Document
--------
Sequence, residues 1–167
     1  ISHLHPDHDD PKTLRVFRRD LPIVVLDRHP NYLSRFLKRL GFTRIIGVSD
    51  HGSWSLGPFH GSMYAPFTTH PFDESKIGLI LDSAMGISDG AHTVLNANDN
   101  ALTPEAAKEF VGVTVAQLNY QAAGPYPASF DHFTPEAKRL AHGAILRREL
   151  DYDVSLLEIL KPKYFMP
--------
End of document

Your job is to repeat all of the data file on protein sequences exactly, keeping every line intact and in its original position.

Sequence, residues 1–167
     1  ISHLHPDHDD PKTLRVFRRD LPIVVLDRHP NYLSRFLKRL GFTRIIGVSD
    51  HGSWSLGPFH GSMYAPFTTH PFDESKIGLI LDSAMGISDG AHTVLNANDN
   101  ALTPEAAKEF VGVTVAQLNY QAAGPYPASF DHFTPEAKRL AHGAILRREL
   151  DYDVSLLEIL KPKYFMP